// strip the function from your forEach loop for code control.
        readers[i] = new readBinaryVCF(tabix, vcf, nameThisProperly);

        var nameThisProperly = function(tabixReader) {

            // add var here
            // you're not in strict mode so this gets pushed to the global scope
            // in strict mode you get errors.
            var reader = readers[i];

            // you can use reversed psychology for this loop:
            var index = 0;
            for (var key in tabixReader.idxContent.namehash) {
                if (key == regions[i][0]) {
                    index = tabixReader.idxContent.namehash[key];
                }
            }
            // example:
            var index = tabixReader.idxContent.namehash[regions[i][0]];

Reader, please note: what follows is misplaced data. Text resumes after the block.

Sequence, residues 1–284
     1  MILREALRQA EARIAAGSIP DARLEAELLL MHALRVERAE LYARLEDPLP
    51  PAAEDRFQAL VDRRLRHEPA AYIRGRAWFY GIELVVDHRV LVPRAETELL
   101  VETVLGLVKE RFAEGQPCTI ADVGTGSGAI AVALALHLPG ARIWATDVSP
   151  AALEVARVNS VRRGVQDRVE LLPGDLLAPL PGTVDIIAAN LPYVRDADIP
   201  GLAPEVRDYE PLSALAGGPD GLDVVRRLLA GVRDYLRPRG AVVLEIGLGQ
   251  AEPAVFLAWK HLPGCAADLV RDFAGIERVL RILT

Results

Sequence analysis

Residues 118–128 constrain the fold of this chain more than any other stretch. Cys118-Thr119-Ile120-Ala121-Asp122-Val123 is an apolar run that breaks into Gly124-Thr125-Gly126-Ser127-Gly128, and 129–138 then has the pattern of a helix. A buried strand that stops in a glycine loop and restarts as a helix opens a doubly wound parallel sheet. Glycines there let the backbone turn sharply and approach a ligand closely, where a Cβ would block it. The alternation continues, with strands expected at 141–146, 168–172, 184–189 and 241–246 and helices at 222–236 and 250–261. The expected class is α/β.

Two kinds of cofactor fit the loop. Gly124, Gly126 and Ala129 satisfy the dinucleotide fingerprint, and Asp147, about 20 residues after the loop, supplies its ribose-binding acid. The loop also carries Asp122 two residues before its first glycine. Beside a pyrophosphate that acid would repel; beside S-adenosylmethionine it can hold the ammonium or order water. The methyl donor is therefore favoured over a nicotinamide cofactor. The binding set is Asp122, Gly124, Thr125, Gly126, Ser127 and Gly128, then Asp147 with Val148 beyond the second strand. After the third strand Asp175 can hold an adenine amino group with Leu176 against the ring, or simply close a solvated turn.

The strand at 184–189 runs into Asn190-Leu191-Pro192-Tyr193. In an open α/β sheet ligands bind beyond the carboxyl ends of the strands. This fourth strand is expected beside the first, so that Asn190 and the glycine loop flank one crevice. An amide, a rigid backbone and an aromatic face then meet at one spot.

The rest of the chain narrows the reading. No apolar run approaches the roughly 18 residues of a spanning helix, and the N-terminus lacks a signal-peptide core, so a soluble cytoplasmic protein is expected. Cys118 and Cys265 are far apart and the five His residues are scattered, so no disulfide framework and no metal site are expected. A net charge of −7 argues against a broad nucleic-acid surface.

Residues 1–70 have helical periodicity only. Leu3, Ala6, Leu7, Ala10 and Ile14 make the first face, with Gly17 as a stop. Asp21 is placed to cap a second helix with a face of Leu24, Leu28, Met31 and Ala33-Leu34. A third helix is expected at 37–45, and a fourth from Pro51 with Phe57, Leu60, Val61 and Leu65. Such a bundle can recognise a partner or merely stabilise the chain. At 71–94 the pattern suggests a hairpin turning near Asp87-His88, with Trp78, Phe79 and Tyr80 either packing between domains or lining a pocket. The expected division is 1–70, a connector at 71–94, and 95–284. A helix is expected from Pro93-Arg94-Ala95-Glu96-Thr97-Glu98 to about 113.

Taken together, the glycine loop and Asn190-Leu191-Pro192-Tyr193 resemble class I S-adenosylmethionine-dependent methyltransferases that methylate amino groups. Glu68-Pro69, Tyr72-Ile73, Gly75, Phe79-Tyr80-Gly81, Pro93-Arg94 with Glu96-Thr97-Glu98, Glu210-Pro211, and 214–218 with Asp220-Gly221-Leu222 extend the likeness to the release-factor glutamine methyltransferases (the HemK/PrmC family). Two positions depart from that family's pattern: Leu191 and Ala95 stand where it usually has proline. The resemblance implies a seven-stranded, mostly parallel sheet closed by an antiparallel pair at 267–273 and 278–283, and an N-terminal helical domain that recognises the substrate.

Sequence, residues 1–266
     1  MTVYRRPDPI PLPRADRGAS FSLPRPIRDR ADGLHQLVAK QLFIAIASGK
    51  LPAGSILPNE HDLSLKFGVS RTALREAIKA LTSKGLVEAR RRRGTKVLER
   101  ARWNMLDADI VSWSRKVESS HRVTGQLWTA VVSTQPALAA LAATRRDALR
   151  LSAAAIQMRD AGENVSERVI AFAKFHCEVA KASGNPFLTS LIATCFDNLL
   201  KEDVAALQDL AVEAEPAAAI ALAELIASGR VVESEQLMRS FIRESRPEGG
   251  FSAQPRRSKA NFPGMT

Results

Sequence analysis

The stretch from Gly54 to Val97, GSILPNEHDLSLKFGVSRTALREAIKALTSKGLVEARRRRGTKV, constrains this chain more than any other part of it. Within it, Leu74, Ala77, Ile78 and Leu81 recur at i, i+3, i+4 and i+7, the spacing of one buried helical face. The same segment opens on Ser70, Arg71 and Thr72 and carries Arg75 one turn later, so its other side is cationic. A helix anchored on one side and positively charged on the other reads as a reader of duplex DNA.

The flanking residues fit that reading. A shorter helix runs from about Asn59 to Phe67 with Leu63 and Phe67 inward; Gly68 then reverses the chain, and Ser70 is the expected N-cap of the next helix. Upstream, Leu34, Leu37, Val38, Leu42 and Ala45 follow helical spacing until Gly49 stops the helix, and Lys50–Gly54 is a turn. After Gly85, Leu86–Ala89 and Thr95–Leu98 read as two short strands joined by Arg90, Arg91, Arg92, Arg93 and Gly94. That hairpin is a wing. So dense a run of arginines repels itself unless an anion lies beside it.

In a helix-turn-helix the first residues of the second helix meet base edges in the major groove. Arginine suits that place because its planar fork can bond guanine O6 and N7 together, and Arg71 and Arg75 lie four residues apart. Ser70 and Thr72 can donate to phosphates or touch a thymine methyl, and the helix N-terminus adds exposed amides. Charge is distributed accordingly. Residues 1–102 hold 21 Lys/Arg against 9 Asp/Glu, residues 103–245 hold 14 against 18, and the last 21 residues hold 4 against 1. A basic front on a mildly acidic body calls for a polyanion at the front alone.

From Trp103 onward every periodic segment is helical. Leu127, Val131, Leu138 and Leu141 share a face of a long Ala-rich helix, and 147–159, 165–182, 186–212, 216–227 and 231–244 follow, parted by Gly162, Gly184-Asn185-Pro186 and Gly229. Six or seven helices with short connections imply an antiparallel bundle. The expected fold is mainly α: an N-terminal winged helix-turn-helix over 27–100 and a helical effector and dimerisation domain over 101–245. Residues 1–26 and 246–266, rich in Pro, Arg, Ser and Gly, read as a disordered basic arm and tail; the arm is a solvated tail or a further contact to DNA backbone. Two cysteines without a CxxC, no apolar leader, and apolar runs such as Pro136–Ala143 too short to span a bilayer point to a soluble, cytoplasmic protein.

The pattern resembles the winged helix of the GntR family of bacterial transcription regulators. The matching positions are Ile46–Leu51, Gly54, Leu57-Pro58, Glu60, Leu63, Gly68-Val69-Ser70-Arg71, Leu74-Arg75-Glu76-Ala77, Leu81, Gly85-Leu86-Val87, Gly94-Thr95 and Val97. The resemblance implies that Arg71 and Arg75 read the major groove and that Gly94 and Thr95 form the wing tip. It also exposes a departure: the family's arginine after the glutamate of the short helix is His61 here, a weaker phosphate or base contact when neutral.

// obviously untested, but something like this should work.


            // using index after the for loop seems weird. I would rename this variable, if it is only used to
            // work with the last element of the loop. Make it a good one ;) Now its like you would
            // run this method every time the for loop is called, but it is not.
            reader.getRecords(index, regions[i][1], regions[i][2], checkForCallback);
        };

        // strip this method for readability
        var checkForCallback = function(data) {
            d[i] = data;
            callbacksRemaining--;

            if (callbacksRemaining <= 0) {
                processData(d);
            }
        };
        // naming your functions like this makes it easy to know what's happening.
    });